A report entitled pretty much just that (“Thoughts on the Future of the Hedge Fund Industry”) written by Christopher C. Geczy at Wharton (click here to download) is full of fascinating detail on where the hedge fund and fund of hedge fund industry is headed, and how investors, particularly pensions, are looking more closely at everything from liquidity to risk to fees to valuation methodologies, regulation and even hedge fund replication.
The study, published back in April, is a culmination of research and conclusions based on various surveys and responses covering different aspects of the hedge fund industry: investors, institutional consultants, managers and “industry stakeholders.” It uses specific research methodologies to arrive at its conclusions on what the future of the hedge fund industry might look like.
Of particular interest is the report’s focus on institutional investors’ perspectives, namely “returns-based sources of interest” in hedge funds as well as past and future risk exposure and how investors are blending the need to accommodate risk with the need to produce decent returns. Indeed, the table below indicating how consultants in particular expected certain hedge fund strategies to fare through 2009 and beyond is telling in terms of it’s predictions (a quick glance at HFRI‘s indices as well as a general look back at economic conditions this past year suggestions they were pretty much on target – click on the chart below to enlarge).
According to Geczy, one of the ways an increasing number of institutional investors are doing that is via hedge fund replication. While noting the pitfalls of many different types of hedge fund replication efforts and techniques, Geczy does note that the future may involve more intricate attempts at replicating illiquid or substantially difficult to access strategy performance – private, large-scale infrastructure exposure, for instance, or more exotic stuff like carry trade techniques.
“Given how accessible ‘vanilla’ replication appears to be, replication technology may likely be useful for hedge funds and especially funds of funds to equitize their asset flows,” he says. “That is, rather than parking inflows in cash in advance of investment, they may capture benchmark-like returns while finding investments in which to deploy assets.”
On the flip side, Geczy also takes a closer look at the new requirements imposed as part of the adoption of Statement of Financial Accounting Standards 157, which on one hand has improved investors’ ability to examine and ascertain risk but has also made defining returns a little more challenging for hedge fund managers – particularly when it comes to less-liquid securities, and even more particularly when crises hit.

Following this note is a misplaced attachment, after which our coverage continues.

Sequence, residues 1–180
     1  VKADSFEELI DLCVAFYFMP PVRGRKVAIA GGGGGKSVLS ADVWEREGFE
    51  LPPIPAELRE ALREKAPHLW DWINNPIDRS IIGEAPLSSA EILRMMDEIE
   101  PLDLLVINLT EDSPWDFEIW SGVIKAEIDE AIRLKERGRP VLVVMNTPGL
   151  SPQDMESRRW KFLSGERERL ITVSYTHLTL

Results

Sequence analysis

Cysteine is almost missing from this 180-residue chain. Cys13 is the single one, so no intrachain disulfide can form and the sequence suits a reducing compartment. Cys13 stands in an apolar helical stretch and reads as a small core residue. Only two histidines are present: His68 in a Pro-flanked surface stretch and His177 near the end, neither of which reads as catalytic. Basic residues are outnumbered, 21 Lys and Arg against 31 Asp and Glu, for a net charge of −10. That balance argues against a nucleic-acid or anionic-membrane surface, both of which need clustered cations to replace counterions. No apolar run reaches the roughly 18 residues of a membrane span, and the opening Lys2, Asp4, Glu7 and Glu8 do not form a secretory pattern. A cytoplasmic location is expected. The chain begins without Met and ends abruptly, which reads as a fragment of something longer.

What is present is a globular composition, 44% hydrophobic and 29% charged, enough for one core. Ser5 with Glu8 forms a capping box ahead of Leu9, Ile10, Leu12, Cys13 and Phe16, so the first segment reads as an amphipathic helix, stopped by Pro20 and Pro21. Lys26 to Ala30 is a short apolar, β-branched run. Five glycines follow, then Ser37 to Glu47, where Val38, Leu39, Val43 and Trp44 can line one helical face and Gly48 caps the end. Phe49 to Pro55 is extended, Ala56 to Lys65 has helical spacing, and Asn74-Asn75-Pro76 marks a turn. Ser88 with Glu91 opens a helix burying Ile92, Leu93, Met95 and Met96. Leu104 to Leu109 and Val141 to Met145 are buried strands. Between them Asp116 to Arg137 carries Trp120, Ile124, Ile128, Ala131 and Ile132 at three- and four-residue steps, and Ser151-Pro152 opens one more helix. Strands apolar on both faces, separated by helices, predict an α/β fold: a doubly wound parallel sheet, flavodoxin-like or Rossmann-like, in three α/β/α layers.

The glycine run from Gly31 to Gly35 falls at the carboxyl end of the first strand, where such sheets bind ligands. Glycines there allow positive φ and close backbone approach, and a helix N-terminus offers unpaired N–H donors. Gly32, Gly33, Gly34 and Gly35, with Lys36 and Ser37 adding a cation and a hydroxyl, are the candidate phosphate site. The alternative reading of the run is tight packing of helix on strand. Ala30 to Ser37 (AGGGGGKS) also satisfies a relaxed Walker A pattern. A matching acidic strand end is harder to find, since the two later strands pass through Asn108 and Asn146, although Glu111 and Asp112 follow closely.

Of particular interest to Geczy is the continued overlap between private equity-oriented strategies like mezzanine and distressed financing, with many hedge funds titling strategies toward the higher yield camp last year. The trend is apparent from the chart below, which presents the asset class positions in underlying investments of an ETF of ETFs that is designed from replicate the performance of hedge funds – the “QAI” from IndexIQ (click on the chart to enlarge).
From a broader vantage point, the business model of both hedge funds and FoHFs going forward is likely to better match the liquidity of underlying investments, according to Geczy, particularly since the majority of the institutional investment side’s post-2008 woes stemmed from what is now affectionately referred to as an “asset-liability” mismatch.
“Certainly institutional investors and their consultants will be incorporating to an even greater extent due diligence in this important area,” says the report. “Also apparent from our survey of consultants is an expression of interest in separately managed accounts as a method for improving transparency, monitoring and control of managers.”
Indeed, if past performance is still indicative of future returns, the chart below certainly has something to tell.
So what are the takeaways from the otherwise random thoughts and observations?
That the industry on whole will continue to grow, but that the business model has changed for good – no more begging among institutions to get into hedge funds, and no more hedge funds running the show from a “don’t worry about what’s going on behind the curtain” approach.
In other words, transparency, transparency and more transparency, likely a lot more managed account structures, certainly some negotiations on fees and a lot more cooks in the kitchen – which is all arguably where things should have been in the first place.
While clearly broad and somewhat esoteric, the report does seem to conclude that hedge funds do indeed have a future.